ST. LOUIS - Fifteen years ago, after the Midwest was swamped with what was pronounced a "100-year" or even a "500-year" flood, some folks figured they would never again see such a disaster in their lifetime. Some even dropped their flood insurance.

Big mistake.

Now, with the region struck by a supposedly once-in-a-lifetime flood for the second time since 1993, some scientists and disaster officials say the use of terms like "100-year flood" should be re-evaluated because they are often misunderstood and can give the public a false sense of security.

"We, the United States Geological Survey, almost need to quit using the term '100-year flood,'" said hydrologist Gary Wilson with the USGS Missouri Water Science Center in Rolla, Mo. "It could happen twice a year, if you're unlucky." Or 200 years could go by without a 100-year flood, he said.

Villanova University professor Robert Traver, who specializes in storm water management, was more succinct: "Whoever invented that term should be shot."

Several government scientists say they have tried to move away from using the terms, yet they also say they routinely fall back on the labels as shorthand for measuring a flood's severity.

The terms have practical consequences; they are used for such things as classifying a levee's protection level and setting insurance requirements for people who live in flood-prone areas.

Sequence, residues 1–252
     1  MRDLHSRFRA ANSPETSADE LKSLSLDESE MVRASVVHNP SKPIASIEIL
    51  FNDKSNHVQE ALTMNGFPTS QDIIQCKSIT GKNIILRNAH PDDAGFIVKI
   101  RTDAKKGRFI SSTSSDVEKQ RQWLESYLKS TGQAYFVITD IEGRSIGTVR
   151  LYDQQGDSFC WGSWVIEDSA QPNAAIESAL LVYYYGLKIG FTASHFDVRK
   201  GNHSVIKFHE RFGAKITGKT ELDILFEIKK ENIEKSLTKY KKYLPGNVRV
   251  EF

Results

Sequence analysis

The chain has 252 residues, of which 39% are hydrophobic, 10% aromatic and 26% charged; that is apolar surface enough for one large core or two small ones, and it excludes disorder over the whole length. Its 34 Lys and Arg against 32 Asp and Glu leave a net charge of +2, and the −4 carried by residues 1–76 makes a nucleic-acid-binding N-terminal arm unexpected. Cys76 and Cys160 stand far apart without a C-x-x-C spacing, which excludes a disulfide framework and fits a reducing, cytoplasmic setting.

Many people seem to believe that a 100-year flood should happen once every 100 years, or that a 500-year flood should happen every 500 years. But that's not how it works.

A 100-year flood is defined as a flood so big that it has a 1 percent chance of happening in any given year. A 500-year flood is one with a 0.2 percent chance of happening in a given year - a 1-in-500 chance.

Scientists say it is not unusual to hear from people who want to know if they have lived through a "100-year" event and want to cancel their flood insurance, believing one recent big flood lowers the risk of another. But that's not the case.

While the rules of probability say that the odds are 50-50 that a coin will come up heads, it is entirely possible to flip a quarter and come up with heads four or five times in a row.

Mike Russell, an alderman in the Missouri town of Clarksville where a huge sandbagging effort has protected the community's historic downtown, suggested terms like "100- or 500-year flood" don't make sense.

"I was in my 20s then," he said of the Great Flood of '93. "Here it is 2008 and I'm 40. I didn't think 500 years had already gone by."

Some critics argue that it's the government's flood forecasts that are faulty.

Carolyn Kousky, a researcher who has studied natural disaster policy, wrote in an opinion piece in Monday's St. Louis Post-Dispatch that maps produced by the Federal Emergency Management Agency's National Flood Insurance Program may underestimate flood risks, though she noted that work to modernize those maps is under way.